In part 4 of this 4-part interview, Class Tech Tips founder Monica Burns discusses how edtech can be used to help teachers with their professional growth and teacher learning.
Watch the interview video on edtech for teacher learning above, or read the transcript below.
Portfolios, collaboration, and videos: edtech for teacher learning
– [Adam] Welcome to another PLtogether Lounge Talk. I’m Adam Geller, founder and CEO of Edthena, the video observation platform for streamlining feedback to teachers. Today, we’re talking with Monica burns. She’s the author of classtechtips.comm as well as several books, including Ed Tech Essentials, out this year from ASCD. Monica, thanks so much for joining us.
– Thank you so much for having me.
– What we’ve been talking about, tools for teachers to use with students, and ways for leaders to support their teachers to use tools with their students, but I kind of want to shift a little bit here, and think about how Ed Tech could be part of professional learning for the adults. And so, you know, I’m curious from you, I mean, what are you seeing out there in terms of advantages to making this part of the professional learning process for teachers given that we expect them to use it as part of the learning process with students?
– Well, one thing that I think is important to consider, is what tools you are using in a professional learning experience. and whether or not they mirror what a student experience might look like. It’s a really great opportunity to bring your colleagues into a same space so that they see things from a student perspective, and it can help build more empathy and understanding about what a student experience might look like, moving through an LMS, when you take on that student role, right, as a learner in a professional space as well. So that’s one thing that I see often is that inside a learning management system, a teacher or a educator at different levels might have the role of a student in a course, as part of a professional learning that’s happening in their school, or in their district. So that’s one way that it’s been interesting to see the use of different tools from a professional standpoint, there’s also a lot of great tools that can help with collection of resources, developing professional portfolios, those may be ones that are similar to what students are using in terms of their own creations, but it’s a good opportunity to build out an artifact of your professional experience over the course of the year. I had an article for Edutopia, I guess earlier this year or last year, around building out a portfolio for your remote learning or distance learning experience, and what it can look like to gather different artifacts to chronicle a period of time. I know in some states they use the Danielson framework as part of a coaching role, or to get feedback to different teachers, and if you are collecting artifacts that go along with different domains, right, you might pull them together in a digital space similar to the way we would expect a student to create a portfolio or artifact of their learning at the end or throughout a school year. So, there’s a lot of opportunities for those products of professional learning, so the ability to do create something that demonstrates growth in a particular area, and then of course, there’s a lot of ways for educators to collaborate across grade level teams, across a district, across the state, or a cohort, or whatever that group might be. Everything from creating a Wakelet collection full of resources for a unit of study that’s coming up, to creating a Google drive folder full of different presentation decks you might pull from. If you want a couple of great examples or primary source documents to talk about. So I love the way that I’ve seen technology used in lots of different ways. and it’s a good opportunity to mirror student use of tools. Just earlier today, I was leading a session for a group of educators virtually, and we brought in a Jam Board opportunity, for them to post some ideas, which is the same thing I would have done, right, kicking off a lesson with a group of eighth graders, right, but the topic would have been very different.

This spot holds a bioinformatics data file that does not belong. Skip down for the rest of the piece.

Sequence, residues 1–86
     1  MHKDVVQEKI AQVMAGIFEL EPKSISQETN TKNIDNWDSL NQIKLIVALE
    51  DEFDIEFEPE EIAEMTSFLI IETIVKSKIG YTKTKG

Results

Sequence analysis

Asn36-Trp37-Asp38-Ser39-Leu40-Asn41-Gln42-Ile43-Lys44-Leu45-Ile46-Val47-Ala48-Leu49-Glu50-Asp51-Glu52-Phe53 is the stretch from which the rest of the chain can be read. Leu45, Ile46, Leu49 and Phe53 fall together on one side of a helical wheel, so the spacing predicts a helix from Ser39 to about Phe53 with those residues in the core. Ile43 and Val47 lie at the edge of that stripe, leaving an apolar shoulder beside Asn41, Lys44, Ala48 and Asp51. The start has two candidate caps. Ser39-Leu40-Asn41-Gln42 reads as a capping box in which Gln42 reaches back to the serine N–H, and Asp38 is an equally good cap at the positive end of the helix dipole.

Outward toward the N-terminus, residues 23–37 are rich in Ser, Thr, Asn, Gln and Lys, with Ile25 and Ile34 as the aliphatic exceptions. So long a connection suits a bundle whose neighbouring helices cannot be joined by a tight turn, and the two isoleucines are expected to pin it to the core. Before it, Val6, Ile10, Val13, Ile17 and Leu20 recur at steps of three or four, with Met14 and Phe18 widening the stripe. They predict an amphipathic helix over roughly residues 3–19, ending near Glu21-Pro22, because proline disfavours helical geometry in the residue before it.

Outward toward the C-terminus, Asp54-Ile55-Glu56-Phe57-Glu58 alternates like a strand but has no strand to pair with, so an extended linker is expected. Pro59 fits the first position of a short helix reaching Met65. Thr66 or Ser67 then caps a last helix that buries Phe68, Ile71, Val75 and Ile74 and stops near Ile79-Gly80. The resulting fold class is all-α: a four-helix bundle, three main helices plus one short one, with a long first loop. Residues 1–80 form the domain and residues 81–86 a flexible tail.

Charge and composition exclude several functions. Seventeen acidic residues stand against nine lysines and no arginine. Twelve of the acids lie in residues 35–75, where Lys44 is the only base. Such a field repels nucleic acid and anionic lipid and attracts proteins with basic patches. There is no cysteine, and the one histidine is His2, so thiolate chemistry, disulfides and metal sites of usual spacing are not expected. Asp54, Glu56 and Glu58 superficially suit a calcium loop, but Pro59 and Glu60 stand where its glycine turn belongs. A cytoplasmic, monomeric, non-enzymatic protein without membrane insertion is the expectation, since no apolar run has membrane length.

– You were talking there a little bit about building collections of resources, and it feels like the softball back to me to say maybe a collection of teaching on video, and how that could power teachers to talk about teaching a little bit more, obviously a topic very near and dear to my heart, but yeah. You know, tell us why can video, and collaborating with video, especially when we talk about recording teaching and its various forms, be so powerful as a professional learning tool.